2-(N-Morpholino)ethanesulfonic acid (MES) and [6R,6S]-5-formylTHF (as folinic acid calcium salt pentahydrate) were purchased from Acros Organics. Sodium chloride, sodium phosphate, imidazole, phosphate buffered saline (PBS), magnesium chloride, Triton X-100, 2-mercaptoethanol, kanomycin monosulfate, and ATP disodium trihydrate were purchased from Fisher Scientific. Spectinomycin dihydrochloride was purchased from Sigma. Desalted oligonucleotides were purchased from the DNA Oligonucleotide Synthesis Core at Massachusetts General Hospital. Pfu polymerase was purchased from Stratagene. The Sequenase™ 7-deaza-dGTP DNA Sequencing Kit was purchased from USB Corporation. Talon Metal Affinity Resin was purchased from Clontech Laboratories, Inc. Sephadex G-25 resin was purchased from Amersham Biosciences. A plasmid containing the wild type gene for M. pneumoniae MTHFS fused to a poly-histidine tag (Chen et al. 2004) was a generous gift from Dr. Sung-Hou Kim as was BL21(DE3)/pSJS1244 [13], an expression cell line for the protein.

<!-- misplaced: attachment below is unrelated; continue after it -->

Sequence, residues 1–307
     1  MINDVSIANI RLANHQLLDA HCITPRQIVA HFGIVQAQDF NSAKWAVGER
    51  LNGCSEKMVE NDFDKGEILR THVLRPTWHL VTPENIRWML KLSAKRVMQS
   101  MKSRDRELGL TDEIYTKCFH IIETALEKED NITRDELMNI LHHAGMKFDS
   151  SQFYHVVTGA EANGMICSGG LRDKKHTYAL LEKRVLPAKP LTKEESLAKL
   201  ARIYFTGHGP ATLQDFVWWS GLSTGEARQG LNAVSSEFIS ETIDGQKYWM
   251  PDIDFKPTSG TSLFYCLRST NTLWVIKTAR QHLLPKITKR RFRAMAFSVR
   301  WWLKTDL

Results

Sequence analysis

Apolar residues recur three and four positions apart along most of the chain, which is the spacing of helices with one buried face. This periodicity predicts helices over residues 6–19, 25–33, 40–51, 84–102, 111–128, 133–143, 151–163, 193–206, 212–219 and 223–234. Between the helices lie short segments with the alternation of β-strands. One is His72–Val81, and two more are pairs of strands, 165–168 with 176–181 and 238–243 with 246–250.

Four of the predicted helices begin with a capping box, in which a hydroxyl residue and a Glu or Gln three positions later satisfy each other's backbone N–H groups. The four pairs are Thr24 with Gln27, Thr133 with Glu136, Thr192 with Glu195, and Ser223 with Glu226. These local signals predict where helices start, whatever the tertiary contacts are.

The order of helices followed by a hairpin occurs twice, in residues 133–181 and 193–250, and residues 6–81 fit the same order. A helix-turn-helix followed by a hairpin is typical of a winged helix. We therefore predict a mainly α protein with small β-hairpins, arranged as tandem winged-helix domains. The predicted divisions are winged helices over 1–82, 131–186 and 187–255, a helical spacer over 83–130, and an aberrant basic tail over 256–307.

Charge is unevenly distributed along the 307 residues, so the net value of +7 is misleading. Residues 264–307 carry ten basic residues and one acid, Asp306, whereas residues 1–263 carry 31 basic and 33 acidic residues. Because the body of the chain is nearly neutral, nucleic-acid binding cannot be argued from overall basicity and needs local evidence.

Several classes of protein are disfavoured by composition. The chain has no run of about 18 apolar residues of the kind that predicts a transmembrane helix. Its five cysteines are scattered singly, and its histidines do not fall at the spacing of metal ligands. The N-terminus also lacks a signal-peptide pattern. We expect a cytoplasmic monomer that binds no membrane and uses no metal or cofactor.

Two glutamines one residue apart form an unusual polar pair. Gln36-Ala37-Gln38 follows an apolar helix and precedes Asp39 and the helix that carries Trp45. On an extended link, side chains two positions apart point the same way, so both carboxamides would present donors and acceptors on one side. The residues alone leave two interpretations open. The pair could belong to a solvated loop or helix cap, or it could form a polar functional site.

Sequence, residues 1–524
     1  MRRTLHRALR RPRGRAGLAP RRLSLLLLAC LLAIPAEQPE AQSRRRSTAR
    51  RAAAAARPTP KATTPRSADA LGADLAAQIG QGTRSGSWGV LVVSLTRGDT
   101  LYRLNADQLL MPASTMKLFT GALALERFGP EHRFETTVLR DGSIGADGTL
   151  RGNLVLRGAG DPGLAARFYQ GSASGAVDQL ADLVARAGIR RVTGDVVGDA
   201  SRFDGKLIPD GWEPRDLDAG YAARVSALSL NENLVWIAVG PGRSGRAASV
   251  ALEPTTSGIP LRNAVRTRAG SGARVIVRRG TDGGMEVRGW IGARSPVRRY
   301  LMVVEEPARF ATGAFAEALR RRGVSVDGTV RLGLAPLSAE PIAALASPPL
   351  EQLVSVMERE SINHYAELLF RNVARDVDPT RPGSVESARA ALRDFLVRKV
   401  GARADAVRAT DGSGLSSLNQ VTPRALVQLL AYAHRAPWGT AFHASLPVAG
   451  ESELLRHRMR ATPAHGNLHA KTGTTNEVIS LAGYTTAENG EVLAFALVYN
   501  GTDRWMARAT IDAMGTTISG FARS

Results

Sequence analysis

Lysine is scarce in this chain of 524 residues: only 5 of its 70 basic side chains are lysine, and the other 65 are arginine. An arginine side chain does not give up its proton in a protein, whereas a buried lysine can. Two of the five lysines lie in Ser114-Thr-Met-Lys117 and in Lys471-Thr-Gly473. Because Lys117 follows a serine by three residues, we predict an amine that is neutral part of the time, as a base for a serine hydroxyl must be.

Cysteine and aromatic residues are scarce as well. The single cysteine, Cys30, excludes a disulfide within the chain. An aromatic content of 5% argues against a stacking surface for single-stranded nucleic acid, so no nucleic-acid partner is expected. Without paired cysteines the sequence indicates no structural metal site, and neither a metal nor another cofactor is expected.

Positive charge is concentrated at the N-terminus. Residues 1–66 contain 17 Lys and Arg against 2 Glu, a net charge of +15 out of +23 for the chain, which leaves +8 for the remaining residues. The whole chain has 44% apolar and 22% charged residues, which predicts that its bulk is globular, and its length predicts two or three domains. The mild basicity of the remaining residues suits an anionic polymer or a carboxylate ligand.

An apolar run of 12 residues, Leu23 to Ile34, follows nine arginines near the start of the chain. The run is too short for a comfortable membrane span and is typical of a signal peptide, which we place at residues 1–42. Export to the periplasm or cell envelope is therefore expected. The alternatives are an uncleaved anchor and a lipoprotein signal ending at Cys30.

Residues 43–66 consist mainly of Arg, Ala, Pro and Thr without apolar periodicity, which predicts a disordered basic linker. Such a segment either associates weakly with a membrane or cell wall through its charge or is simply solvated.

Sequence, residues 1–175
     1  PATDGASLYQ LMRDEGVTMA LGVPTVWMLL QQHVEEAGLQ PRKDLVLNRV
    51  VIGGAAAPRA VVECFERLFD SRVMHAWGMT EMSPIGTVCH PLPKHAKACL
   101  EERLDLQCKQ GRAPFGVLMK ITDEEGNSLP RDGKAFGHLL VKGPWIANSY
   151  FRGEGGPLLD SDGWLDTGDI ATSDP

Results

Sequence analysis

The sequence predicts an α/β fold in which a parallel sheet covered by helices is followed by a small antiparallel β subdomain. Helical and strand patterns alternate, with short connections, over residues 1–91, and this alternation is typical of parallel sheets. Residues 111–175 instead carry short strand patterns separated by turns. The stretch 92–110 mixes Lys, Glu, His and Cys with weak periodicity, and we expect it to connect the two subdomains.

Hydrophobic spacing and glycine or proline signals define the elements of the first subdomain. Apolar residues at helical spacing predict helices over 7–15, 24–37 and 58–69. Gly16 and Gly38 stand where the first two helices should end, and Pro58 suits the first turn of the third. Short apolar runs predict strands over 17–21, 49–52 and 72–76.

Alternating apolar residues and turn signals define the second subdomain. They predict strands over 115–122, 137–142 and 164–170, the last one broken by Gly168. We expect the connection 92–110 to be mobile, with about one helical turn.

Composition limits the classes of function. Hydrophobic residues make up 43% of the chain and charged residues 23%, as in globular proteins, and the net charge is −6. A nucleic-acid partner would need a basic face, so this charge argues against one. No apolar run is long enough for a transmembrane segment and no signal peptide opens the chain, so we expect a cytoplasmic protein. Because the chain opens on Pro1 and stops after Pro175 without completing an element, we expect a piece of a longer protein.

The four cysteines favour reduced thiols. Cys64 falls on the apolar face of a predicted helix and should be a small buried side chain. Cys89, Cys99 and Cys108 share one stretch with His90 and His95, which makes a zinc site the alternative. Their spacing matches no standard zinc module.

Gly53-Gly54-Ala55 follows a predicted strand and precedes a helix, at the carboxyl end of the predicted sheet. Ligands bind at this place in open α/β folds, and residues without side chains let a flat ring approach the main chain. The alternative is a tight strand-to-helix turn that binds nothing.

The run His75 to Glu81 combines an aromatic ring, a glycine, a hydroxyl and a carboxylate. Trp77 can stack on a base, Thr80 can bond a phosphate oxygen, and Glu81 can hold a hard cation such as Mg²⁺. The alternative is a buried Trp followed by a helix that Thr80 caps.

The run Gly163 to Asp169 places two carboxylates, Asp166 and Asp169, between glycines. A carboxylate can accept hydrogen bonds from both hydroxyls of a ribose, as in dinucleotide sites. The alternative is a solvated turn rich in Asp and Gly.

2.2 Site-directed Mutagenesis

The codons at positions 115 and 120 of wild type MTHFS were changed from arginine to alanine or lysine to alanine, respectively, using a modification of the protocol for the Stratagene QuikChange® Site-Directed Mutagenesis Kit. The primers were desalted and used without further purification. The forward and reverse primers used for the R115A mutant were as follows. Forward: 5′-G-GTA-GGC-TTT-AAT-AAA-GAC-AAT-TAC-GCT-CTA-GGC-TTT-GGC-AAG-GGC-3′; Reverse: GCC-CTT-GCC-AAA-GCC-TAG-AGC-GTA-ATT-GTC-TTT-ATT-AAA-GCC-TAC-C-3′ where the nucleotide substitutions are bolded and underlined. The primers used for the K120A mutant were as follows. Forward: 5′-C-CGT-CTA-GGC-TTT-GGC-GCG-GGC-TAT-TAT-GAC-CGT-TAT-TTA-ATG-C-3′; Reverse: 5′-G-CAT-TAA-ATA-ACG-GTC-ATA-ATA-GCC-CGC-GCC-AAA-GCC-TAG-ACG-G-3′. 2.5 units of Pfu DNA polymerase was added to 50 μL of solution containing 125 ng of each primer, 25 ng of template plasmid, and 50 μM of each dNTP. This solution was subjected to 16 cycles of PCR and then placed on ice. Ten units of DpnI were added and the reaction mixture was incubated at 37 °C for 1 h. Two microliters of the resulting mix were used to transform XL1-Blue competent cells using the method of Inoue [14]. Transformed cells were grown overnight in Luria-Bertani (LB) medium in the presence of 50 μg/mL kanomycin. Plasmid DNA was extracted via a Qiagen Miniprep Kit following the manufacturer’s instructions. The DNA was then sequenced using a Sequenase™ 7-deaza-dGTP DNA Sequencing Kit and a dye labeled T7 primer following the manufacturer’s instructions. Sequencing products were resolved using a LI-COR 4300 DNA Analyzer to confirm both mutations.

2.3 Protein Expression and Purification